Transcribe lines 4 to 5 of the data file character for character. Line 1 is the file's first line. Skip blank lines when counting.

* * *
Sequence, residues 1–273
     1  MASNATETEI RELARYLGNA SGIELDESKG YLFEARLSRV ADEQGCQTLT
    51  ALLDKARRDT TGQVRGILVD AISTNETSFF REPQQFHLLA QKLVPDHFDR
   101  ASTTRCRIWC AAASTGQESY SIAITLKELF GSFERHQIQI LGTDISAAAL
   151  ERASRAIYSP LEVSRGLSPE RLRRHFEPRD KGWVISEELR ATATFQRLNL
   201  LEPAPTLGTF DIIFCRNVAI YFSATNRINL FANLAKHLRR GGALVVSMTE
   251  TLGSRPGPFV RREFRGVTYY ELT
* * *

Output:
   101  ASTTRCRIWC AAASTGQESY SIAITLKELF GSFERHQIQI LGTDISAAAL
   151  ERASRAIYSP LEVSRGLSPE RLRRHFEPRD KGWVISEELR ATATFQRLNL